The GTC class (GT3-specs) is gone but I think LMP3 entries will make up for that loss. There were five entries at three of five rounds last year. United Autosport will run a car and Alex Brundle will be one of their drivers. CBP Sport are committed to running at least one car in 2016. Ultimate Racing will enter a Ligier. Ave-Riley is developing an LMP3 chassis. LMP3 will be much more competitive in 2016 and while it's sad to see some GT3 cars go away, I think the fight in LMP3 will make up for it.

11. Asian Le Mans Series: Ferrari Will Not Be Shut Out From Another GT Podium
There are two rounds left in the ALMS season. At Sepang I, the Clearwater Racing McLaren, Team AAI BMW and Team AAI Mercedes made up the GT class podium. Neither the Spirit of Race Ferrari, which finished second at the season opener at Fuji or the Sepang I pole position winning Nexus Infinity Ferrari finishing on the podium. I don't see Ferrari being shut out at Buriram on January 10th or when the series returns to Sepang on January 24th.

12. There Will be At Least One Race Where the LMP3 Winner Finishes Ahead of the GT Winner
It has yet to happen. At Fuji, the GT winning (GT3-specs) Clearwater Racing McLaren and the LMP3 winning DC Racing Ligier finished on the same lap with the McLaren finishing just under 20 seconds ahead. At Sepang I, both LMP3 entries had mechanical issues and the DC Racing Ligier took another victory in class, this time 14 laps behind the Clearwater Racing McLaren. In ELMS, the LMP3 winning car finished ahead of the GTC (GT3-specs) winning only at the final round at Estoril but the LMP3 winner did finish on the same lap in two of the other four rounds. It might be a stretch but I think it will happen.

Don't forget to check out the NASCAR and Et Cetera predictions, which were posted prior to Christmas.

Wednesday, December 23, 2015

2015 Motorsports Christmas List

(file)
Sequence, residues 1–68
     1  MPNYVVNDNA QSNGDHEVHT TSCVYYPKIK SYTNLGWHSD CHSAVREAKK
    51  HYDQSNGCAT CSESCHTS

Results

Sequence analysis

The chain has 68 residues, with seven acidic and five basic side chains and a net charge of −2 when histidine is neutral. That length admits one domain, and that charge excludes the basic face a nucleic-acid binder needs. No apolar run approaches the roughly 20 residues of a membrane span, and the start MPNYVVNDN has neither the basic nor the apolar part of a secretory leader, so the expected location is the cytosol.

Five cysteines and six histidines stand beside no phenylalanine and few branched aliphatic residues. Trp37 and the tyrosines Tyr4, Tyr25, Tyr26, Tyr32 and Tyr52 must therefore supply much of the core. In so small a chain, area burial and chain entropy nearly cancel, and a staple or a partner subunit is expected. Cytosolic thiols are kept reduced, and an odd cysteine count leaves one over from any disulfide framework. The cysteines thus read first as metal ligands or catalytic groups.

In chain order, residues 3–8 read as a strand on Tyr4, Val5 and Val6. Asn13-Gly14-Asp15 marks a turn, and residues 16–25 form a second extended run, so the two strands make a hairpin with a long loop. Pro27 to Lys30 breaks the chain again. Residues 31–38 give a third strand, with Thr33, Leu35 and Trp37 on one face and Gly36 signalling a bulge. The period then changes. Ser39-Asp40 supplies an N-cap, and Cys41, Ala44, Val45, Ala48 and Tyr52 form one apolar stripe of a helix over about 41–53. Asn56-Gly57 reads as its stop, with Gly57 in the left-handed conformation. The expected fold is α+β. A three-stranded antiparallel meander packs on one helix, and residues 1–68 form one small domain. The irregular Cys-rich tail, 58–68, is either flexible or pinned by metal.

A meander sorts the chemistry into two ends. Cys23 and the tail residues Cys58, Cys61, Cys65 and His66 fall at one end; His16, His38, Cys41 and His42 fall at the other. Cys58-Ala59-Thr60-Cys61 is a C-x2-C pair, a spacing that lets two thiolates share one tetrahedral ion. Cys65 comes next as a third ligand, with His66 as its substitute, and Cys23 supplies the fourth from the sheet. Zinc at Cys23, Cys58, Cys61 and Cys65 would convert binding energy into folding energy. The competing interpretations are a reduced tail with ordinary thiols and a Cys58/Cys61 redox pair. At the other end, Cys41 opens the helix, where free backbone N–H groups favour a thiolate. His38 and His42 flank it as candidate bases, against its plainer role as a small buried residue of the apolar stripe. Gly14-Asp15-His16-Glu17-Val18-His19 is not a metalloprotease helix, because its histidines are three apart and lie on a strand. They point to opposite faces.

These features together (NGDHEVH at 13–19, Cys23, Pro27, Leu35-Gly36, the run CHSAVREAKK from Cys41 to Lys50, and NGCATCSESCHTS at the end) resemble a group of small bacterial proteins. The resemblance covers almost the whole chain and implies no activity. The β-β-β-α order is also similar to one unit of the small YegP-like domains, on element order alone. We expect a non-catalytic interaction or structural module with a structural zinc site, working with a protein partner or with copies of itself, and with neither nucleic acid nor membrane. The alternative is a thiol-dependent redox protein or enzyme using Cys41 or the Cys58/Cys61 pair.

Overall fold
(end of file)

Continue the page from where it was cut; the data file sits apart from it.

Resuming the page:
Another Christmas is upon us and it is amazing how there is always something you want, especially in motorsports. There is always something you would like to see be done differently or a driver you want to see get a shot on the grid or a track on the schedule. If I was a motorsports Santa Claus this is what I would be bringing now the chimney for all the boys and girls.

Let's start with Chip Ganassi and I would give him a heart and a soul so he could let Kyle Larson run the Indianapolis 500. He let's him run the 24 Hours of Daytona and we all know the consequences. The Memo Gidley accident is fresh in our minds. It's pretty hypocritical of him to not let Larson run at Indianapolis. Just shut up and give him the ride. I am tired of team owners giving driver's ultimatums, such as win a championship and then you can run Indianapolis. That's backward thinking. Qualifying for one race is much easier than winning a title. Let them run Indianapolis and get that distraction out of the way so they have a clearer conscience when going for that title. And besides, Ganassi is never going to win a NASCAR Cup championship so he has given Larson an impossible task while all he wants to do is one that is very possible.

Also to Chip Ganassi: Accepting doubleheaders in IndyCar.

To IndyCar:

Virtual Safety Car! They need it and they need it badly and it would improve races by a thousand percent.